“It’s a very short test they do online and the results are provided immediately,” he said. “They can see their scores in each of the three areas and where there needs to be improvement. If you score low in any area, you get immediate feedback on the options you have for improvement."

DSM made other self-assessment tools available, including the “Roadmap Game,” an interactive program that can be done in groups to identify your stage of career. In the game, users answer questions like “What did you want to be when you were a kid, and what did you want to do when you were grown up?” The answers and group discussion help employees focus on areas where they can improve, and motivate them to pursue career goals they may have abandoned long ago, he added.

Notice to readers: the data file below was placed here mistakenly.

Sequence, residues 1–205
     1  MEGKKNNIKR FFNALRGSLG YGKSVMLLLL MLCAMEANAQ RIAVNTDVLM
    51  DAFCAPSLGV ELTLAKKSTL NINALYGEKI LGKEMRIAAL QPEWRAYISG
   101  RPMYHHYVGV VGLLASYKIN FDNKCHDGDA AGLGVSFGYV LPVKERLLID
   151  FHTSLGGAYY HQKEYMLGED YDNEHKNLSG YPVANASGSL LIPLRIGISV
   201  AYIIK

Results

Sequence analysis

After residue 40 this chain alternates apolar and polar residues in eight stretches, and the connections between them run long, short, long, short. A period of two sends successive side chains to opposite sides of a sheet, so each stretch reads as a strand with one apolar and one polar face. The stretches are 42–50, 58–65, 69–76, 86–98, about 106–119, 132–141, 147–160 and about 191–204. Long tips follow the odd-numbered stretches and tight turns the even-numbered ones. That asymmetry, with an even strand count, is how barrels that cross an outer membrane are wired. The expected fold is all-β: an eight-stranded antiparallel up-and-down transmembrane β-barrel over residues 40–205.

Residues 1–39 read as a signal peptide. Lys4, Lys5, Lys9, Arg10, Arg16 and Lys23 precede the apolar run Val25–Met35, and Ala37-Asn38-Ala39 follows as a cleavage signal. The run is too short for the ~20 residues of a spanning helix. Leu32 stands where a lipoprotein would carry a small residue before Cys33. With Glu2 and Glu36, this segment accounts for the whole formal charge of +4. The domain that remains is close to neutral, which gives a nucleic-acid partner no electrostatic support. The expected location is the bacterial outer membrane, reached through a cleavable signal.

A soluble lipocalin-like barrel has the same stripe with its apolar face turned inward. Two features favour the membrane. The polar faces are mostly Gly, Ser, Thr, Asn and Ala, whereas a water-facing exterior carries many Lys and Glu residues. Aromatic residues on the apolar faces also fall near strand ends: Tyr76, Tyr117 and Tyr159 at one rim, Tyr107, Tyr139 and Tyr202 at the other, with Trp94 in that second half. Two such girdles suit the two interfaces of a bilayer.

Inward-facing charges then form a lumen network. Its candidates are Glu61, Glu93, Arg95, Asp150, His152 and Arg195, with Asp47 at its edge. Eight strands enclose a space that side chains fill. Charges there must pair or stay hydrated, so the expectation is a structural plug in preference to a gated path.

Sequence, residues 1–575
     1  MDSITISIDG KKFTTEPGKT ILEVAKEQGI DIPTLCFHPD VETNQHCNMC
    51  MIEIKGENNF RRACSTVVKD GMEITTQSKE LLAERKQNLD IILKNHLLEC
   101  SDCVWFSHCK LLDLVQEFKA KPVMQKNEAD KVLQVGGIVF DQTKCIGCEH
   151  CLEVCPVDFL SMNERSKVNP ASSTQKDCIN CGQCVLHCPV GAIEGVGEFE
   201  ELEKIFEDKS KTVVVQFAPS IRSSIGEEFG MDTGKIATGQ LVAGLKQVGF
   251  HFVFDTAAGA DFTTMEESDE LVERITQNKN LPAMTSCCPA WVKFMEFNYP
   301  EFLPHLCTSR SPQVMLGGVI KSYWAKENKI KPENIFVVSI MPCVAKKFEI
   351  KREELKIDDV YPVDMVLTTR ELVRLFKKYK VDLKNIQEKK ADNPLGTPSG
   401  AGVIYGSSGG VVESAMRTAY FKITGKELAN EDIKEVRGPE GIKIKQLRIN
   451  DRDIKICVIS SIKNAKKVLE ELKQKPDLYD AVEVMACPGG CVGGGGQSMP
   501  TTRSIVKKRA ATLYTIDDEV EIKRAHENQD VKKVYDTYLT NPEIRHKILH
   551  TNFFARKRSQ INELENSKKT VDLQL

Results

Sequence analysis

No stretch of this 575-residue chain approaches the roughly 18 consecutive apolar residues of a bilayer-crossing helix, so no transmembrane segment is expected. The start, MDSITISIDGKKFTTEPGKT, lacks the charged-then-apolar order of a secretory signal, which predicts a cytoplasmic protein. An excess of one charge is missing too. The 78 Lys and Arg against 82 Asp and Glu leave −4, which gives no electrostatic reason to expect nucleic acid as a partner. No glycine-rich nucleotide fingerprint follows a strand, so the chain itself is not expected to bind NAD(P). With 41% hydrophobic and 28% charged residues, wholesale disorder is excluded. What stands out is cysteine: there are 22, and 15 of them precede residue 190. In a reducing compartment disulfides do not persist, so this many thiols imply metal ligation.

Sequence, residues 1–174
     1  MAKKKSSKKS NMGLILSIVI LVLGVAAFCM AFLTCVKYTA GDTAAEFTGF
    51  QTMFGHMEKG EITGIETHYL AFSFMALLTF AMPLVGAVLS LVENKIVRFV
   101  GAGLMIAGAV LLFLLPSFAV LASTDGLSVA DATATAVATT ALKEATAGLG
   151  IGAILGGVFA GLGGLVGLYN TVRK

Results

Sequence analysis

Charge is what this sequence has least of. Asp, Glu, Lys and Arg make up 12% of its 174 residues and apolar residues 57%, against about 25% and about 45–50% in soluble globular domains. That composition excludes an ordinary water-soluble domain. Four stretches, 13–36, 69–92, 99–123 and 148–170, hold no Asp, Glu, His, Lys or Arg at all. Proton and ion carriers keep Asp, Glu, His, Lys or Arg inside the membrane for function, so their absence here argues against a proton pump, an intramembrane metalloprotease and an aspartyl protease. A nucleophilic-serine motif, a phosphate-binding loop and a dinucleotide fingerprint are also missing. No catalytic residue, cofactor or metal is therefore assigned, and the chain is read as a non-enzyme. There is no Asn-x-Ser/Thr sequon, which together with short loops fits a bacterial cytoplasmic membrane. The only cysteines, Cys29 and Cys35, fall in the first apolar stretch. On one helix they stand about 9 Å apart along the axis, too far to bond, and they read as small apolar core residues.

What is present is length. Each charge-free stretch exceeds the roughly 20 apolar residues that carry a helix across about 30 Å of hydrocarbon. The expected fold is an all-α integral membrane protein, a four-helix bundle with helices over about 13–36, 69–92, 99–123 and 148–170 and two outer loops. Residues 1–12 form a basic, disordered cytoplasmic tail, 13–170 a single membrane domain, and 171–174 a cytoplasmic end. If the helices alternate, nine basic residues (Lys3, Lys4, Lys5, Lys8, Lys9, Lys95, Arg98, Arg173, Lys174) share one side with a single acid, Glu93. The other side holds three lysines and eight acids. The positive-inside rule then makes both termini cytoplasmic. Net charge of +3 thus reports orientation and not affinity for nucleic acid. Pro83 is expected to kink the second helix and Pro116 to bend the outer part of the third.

Then, they can go back to DSM Fit, and take advantage of one of a series of core resources, he said.

The program has proved highly successful in two major ways, he said.

First, it is much more cost-efficient than the previous voucher system, said Kluytmans. With DSM Fit, education resources are allocated only when requested, as opposed to the previous voucher system where education money was budgeted every year for each and every employee. This way, resources are focused on those employees motivated to undertake the training, he said.

It has also proven to be highly popular, Kluytmans said. Nearly 600 of the 4,200 employees at DSM’s Netherlands head office used DSM Fit programs in its first year, an uptake rate that is way above industry averages, he added.

The program will grow in its second year to include specific training with managers on how to engage their employees in conversations about sustainable employability.

“We want the managers to think about incorporating sustainable employability in their day-to-day interactions,” said Kluytmans. “First we empower the employee, and then we empower the manager.”